Ben Davis of ArtNet
—a detailed 44-page “Compliance Monitoring Report” from PricewaterhouseCoopers (“PwC”), the international third-party monitor retained by Abu Dhabi’s Tourism Development & Investment Company (“TDIC”), based on in-person interviews with 1,050 workers, done last year;
—a scathing 89-page report from Human Rights Watch focusing on continued abuses, based on phone and in-person interviews with 119 workers, including both workers still in the UAE, and workers who had been deported;
—a response to the report by Human Rights Watch from TDIC, dismissing it for being “outdated and based on unknown methodologies” and using “anecdotal examples” as opposed to the official monitor’s more rigorous findings; and
—a public statement from Gulf Labor, a group including a variety of prominent international artists who have threatened to boycott the future museum due to the exploitation of the workers (it did its own fact-finding visit to Saadiyat Island last March), accusing TDIC and the museums involved of treating ongoing abuses as little more than a “public relations problem.”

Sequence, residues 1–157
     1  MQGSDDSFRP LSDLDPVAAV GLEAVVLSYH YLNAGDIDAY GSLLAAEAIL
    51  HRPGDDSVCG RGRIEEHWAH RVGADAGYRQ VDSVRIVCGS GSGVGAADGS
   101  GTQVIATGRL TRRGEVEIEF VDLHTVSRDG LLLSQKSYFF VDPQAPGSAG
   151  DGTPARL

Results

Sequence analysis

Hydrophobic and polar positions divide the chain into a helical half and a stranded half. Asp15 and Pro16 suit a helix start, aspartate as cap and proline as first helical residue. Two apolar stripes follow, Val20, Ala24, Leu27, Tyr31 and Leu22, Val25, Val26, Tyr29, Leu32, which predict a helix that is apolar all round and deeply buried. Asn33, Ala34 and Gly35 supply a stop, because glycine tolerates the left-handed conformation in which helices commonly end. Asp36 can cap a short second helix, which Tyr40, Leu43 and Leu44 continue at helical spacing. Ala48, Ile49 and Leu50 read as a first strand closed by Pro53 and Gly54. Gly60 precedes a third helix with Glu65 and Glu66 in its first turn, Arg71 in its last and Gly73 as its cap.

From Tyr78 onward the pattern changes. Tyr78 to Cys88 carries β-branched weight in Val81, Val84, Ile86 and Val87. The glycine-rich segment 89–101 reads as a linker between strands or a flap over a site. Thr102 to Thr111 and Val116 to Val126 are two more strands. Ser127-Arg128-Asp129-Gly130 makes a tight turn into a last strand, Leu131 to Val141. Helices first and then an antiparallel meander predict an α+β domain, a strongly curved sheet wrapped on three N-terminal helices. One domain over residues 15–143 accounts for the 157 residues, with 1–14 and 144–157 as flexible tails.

So, what’s really going on on Saadiyat Island? Who is to be trusted? The PwC and HRC reports are dense, but combing through them in detail and comparing them actually tells us a lot about what we know—and what we still don’t know—about these questions.
READ FULL REPORT: What’s Really Going On at Abu Dhabi’s Saadiyat Island?